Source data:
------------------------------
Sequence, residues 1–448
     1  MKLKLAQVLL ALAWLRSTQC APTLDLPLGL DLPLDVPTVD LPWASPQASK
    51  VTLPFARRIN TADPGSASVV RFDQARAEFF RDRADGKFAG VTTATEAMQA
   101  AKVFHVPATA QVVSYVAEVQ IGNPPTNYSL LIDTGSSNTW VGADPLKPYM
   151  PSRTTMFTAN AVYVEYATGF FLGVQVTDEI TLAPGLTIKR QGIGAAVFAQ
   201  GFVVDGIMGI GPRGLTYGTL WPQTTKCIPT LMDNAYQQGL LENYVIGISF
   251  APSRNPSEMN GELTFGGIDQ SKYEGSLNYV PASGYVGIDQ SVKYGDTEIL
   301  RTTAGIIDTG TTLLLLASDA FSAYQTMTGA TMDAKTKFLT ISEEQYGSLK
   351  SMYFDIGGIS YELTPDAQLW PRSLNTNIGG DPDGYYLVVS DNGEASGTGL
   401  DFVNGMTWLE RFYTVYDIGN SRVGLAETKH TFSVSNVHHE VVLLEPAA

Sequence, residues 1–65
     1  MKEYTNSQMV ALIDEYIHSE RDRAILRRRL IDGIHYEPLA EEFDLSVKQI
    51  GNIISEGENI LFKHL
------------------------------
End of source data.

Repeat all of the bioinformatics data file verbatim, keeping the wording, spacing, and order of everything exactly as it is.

Sequence, residues 1–448
     1  MKLKLAQVLL ALAWLRSTQC APTLDLPLGL DLPLDVPTVD LPWASPQASK
    51  VTLPFARRIN TADPGSASVV RFDQARAEFF RDRADGKFAG VTTATEAMQA
   101  AKVFHVPATA QVVSYVAEVQ IGNPPTNYSL LIDTGSSNTW VGADPLKPYM
   151  PSRTTMFTAN AVYVEYATGF FLGVQVTDEI TLAPGLTIKR QGIGAAVFAQ
   201  GFVVDGIMGI GPRGLTYGTL WPQTTKCIPT LMDNAYQQGL LENYVIGISF
   251  APSRNPSEMN GELTFGGIDQ SKYEGSLNYV PASGYVGIDQ SVKYGDTEIL
   301  RTTAGIIDTG TTLLLLASDA FSAYQTMTGA TMDAKTKFLT ISEEQYGSLK
   351  SMYFDIGGIS YELTPDAQLW PRSLNTNIGG DPDGYYLVVS DNGEASGTGL
   401  DFVNGMTWLE RFYTVYDIGN SRVGLAETKH TFSVSNVHHE VVLLEPAA

Sequence, residues 1–65
     1  MKEYTNSQMV ALIDEYIHSE RDRAILRRRL IDGIHYEPLA EEFDLSVKQI
    51  GNIISEGENI LFKHL